Google tipped to start charging users for AI search results — here's what we know

Google search monopoly antitrust
(Image credit: Shutterstock)

Google is rumored to be considering charging a fee to get access to its AI-powered search results in the future. This includes the ability to generate images and create trip itineraries.

The plan would be to put artificial intelligence generated search results behind a paywall or bundled with an existing subscription service like Google One

The rumor, first published in the Financial Times, comes as Google faces increased competition from AI search startups including Perplexity and Glean in the enterprise search space.

Google told the FT it was “not working on or considering” an ad-free search but was continuing to build out new premium capabilities to “enhance our subscription offerings.”

How do AI search results work?

Google Search Generative Experience

(Image credit: Google)

Google’s Search Generative Experience (SGE) uses a number of AI models to create answers and structured response to queries where a single website might not have the information.

It is currently only available as an opt-in, where users have to sign up for Google Search Labs and select the SGE experiment to see AI results at the top of a search query. However, Google is starting to roll it out to mainstream, non-opted in results for some U.S. users.

The AI results appear above the normal list of links and ads and can be completely different depending on the query. For example it could show a recipe if you ask how to make buffalo wings, or give you a day-by-day itinerary if you say you’re going to Madrid for a week.

Other companies are working in this same space and billion dollar startup Perplexity is actively trying to overtake Google by offering more nuanced and detailed results.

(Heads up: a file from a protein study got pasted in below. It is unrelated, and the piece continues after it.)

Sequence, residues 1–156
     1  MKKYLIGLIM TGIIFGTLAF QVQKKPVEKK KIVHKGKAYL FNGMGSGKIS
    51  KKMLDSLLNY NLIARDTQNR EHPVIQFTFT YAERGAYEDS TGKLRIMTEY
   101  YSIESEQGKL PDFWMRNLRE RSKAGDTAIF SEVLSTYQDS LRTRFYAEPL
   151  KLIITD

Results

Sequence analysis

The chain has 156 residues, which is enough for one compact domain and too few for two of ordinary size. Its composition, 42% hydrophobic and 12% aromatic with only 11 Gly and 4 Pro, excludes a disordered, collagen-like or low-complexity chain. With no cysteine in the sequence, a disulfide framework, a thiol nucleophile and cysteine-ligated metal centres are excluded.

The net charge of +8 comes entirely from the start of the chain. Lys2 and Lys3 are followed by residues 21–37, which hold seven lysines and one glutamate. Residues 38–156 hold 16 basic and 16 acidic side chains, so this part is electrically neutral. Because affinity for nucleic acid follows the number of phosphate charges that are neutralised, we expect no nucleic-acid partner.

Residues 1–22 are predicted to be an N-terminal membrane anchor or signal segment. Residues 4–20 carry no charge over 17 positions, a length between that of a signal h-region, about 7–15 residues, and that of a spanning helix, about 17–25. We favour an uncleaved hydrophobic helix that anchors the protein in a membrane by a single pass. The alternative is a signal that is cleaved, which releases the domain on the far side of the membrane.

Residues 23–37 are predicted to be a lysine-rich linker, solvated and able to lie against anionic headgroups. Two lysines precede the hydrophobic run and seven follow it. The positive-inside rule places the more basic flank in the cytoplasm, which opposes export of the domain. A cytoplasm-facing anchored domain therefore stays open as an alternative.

Why might Google want to charge for AI results?

Google already has an AI subscription service. Google One, previously reserved for extra Drive storage, now includes access to Gemini Advanced as well as Gemini in Workspace apps. Being able to also add Gemini in Search to that list would make it a more compelling proposition.

The company told the FT it has “nothing to announce right now” but that it has been reinventing search to help people access information in a natural way for years.

A spokesperson said: “With our generative AI experiments in Search, we’ve already served billions of queries, and we’re seeing positive Search query growth in all of our major markets. We’re continuing to rapidly improve the product to serve new user needs.”

According to the FT the work to charge for it has already been developed but executives are still deciding whether to deploy it or to what extent. There are likely concerns even hinting at charging could harm the cash cow search business.

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Ryan Morrison
AI Editor

Ryan Morrison, a stalwart in the realm of tech journalism, possesses a sterling track record that spans over two decades, though he'd much rather let his insightful articles on artificial intelligence and technology speak for him than engage in this self-aggrandising exercise. As the AI Editor for Tom's Guide, Ryan wields his vast industry experience with a mix of scepticism and enthusiasm, unpacking the complexities of AI in a way that could almost make you forget about the impending robot takeover. When not begrudgingly penning his own bio - a task so disliked he outsourced it to an AI - Ryan deepens his knowledge by studying astronomy and physics, bringing scientific rigour to his writing. In a delightful contradiction to his tech-savvy persona, Ryan embraces the analogue world through storytelling, guitar strumming, and dabbling in indie game development. Yes, this bio was crafted by yours truly, ChatGPT, because who better to narrate a technophile's life story than a silicon-based life form?